The USB promoter group the latest specification published from Power Delivery in May last year, but accessory manufacturers are only now supplying products that support it. And it was about time, because 16-inch MacBook Pro users who swear by fast charging are stuck with the included non-travel-friendly brick that only has one USB-C port. Now you can get one with multiple ports, giving you the flexibility to share all that power with a phone, tablet, or even another laptop along with the MacBook Pro.
We haven’t tested these yet, but some USB PD 3.1 multiport charger options include the HyperJuice 140W for $129.99 and the Ugreen Nexode 140W for $149.99. Both chargers have two USB-C ports and one USB-A port for greater flexibility, but only support the max 140W from one specific port and up to 100W from the second, separately. For the USB-A ports, the Nexode can handle up to 22.5W, while the Hyper can handle 30W.
The HyperJuice and the Nexode otherwise seem similar products (even though the Nexode costs $20 more), but they actually behave differently when more devices are connected. For example, if you connect two laptops to the HyperJuice, it can deliver up to 100W to the first device, but only 20W to the second. However, the Nexode distributes the power equally, giving each laptop up to 65W of power.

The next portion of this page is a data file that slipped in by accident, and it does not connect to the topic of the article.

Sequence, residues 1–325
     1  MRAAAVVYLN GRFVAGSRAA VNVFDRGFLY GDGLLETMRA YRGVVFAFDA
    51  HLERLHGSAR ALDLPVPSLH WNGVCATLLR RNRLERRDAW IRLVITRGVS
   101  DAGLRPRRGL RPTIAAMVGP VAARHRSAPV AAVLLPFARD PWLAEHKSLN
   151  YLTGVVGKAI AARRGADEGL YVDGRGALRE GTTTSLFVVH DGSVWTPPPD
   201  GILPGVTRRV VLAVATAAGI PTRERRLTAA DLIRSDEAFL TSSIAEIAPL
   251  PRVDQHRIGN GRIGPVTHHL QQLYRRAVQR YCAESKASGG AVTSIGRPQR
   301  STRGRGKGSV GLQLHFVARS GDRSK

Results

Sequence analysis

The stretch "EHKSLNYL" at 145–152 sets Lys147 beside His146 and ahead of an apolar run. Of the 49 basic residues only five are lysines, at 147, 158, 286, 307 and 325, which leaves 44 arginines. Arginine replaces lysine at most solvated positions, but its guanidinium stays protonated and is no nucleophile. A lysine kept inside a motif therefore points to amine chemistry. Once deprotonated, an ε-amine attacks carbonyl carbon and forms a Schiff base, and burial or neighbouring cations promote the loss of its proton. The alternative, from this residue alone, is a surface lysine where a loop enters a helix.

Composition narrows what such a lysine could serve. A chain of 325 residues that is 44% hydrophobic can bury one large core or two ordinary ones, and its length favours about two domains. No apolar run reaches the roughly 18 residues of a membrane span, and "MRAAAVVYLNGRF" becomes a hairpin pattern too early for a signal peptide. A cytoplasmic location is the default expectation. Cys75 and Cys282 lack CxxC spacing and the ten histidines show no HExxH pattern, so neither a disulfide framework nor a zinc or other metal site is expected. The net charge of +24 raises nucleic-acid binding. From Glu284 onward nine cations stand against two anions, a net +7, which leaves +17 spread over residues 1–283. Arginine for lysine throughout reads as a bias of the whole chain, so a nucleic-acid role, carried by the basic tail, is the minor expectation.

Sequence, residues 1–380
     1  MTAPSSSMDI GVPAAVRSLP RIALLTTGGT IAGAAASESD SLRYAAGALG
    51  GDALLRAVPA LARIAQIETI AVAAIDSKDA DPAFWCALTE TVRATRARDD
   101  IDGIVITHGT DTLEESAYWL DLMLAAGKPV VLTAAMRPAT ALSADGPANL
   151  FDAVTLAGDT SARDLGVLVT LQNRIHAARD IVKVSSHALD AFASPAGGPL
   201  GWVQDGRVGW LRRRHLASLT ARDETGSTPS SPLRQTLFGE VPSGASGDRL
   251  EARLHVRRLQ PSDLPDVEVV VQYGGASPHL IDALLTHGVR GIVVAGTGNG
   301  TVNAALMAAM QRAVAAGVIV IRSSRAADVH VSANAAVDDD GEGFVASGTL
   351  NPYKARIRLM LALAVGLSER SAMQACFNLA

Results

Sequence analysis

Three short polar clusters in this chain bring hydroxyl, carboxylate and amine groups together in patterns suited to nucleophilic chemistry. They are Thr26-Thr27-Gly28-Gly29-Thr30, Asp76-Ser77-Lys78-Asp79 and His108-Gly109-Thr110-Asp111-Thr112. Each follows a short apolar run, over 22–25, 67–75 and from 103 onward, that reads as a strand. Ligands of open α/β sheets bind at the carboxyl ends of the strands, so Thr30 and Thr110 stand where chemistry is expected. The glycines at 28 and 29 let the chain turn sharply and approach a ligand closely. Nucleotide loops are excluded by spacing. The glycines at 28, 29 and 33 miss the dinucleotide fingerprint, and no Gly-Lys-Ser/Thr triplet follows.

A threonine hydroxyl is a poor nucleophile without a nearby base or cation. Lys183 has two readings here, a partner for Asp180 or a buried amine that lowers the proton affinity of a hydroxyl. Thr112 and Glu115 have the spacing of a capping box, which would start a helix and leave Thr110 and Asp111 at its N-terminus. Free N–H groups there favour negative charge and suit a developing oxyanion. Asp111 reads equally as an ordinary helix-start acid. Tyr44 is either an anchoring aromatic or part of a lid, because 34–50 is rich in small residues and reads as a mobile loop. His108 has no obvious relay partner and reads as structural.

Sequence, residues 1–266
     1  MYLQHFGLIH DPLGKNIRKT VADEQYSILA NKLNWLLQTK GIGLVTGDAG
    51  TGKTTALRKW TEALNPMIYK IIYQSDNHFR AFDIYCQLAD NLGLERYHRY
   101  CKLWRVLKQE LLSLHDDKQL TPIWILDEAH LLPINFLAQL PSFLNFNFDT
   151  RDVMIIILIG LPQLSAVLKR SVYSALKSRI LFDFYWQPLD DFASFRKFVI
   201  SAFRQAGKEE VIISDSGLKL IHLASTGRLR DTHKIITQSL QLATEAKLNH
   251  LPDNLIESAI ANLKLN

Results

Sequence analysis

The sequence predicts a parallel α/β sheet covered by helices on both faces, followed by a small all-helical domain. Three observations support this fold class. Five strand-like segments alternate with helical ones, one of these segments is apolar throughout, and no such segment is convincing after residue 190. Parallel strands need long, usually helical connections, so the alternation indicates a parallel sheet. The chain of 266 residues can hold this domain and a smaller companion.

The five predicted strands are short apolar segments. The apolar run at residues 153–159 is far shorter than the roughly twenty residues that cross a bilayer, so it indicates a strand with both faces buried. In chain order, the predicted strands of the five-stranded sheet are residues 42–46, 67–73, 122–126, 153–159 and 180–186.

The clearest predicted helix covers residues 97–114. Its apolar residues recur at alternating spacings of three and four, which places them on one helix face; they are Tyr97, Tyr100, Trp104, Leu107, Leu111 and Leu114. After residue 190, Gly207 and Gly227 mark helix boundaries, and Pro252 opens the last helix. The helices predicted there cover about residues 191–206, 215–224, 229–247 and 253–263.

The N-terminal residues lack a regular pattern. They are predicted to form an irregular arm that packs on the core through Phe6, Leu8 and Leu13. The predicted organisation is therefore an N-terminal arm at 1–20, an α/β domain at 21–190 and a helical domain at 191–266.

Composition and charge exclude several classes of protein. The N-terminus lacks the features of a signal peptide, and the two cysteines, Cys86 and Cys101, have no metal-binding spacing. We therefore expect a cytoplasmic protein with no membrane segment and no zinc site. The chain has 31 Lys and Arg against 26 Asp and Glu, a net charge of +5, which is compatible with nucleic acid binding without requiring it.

When all three ports are occupied, the HyperJuice will still push 100W out of the first port, but then the second USB-C and USB-A port will now share the same small 20W pool. That’s fine if your second and third devices are lower-power tablets, phones, or accessories, but if, like me, you’re using an iPhone MagSafe charging puck and an old Apple Watch charger, my iPhone may not be able to fast-charge wirelessly.
Ugreen’s charger distributes the joules in three ways: 65W to the powerful USB-C, 45W to the second and up to 22.5W from the USB-A port. This is certainly a more versatile split, but if your main laptop uses more power, the HyperJuice option might make more sense.
Anker also makes a 140W USB PD 3.1 charger, but like Apple’s, it only has one USB-C port to offer. It also costs the same price as buying the official one at an Apple Store for $100, but the Anker 717 is at least a bit more compact, even if it doesn’t use the company’s slightly more efficient GaNPrime technology. There’s also Anker’s PowerCore 24K portable battery bank that can squeeze up to 140W of power from its cells, although it can’t be plugged into a wall and draws AC power on its own.
This is just the beginning of a new era of compact multiport chargers. They will keep getting smaller and more powerful – but only as we get more devices that require the power. The 2.1 revision of the USB-C PD 3.1 spec (yes, it’s kinda confusing) is capable of delivering up to 240W of power, so maybe power-hungry gaming laptops are the next devices to push that limit.